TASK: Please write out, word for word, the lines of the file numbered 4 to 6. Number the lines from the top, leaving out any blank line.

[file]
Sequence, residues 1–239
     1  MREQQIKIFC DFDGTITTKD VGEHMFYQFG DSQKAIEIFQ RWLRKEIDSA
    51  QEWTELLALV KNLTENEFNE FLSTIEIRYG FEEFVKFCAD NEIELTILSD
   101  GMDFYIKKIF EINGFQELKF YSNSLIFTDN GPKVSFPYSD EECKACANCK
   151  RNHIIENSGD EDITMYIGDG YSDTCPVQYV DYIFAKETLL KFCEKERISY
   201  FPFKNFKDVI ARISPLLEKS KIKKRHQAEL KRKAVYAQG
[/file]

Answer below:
   101  GMDFYIKKIF EINGFQELKF YSNSLIFTDN GPKVSFPYSD EECKACANCK
   151  RNHIIENSGD EDITMYIGDG YSDTCPVQYV DYIFAKETLL KFCEKERISY
   201  FPFKNFKDVI ARISPLLEKS KIKKRHQAEL KRKAVYAQG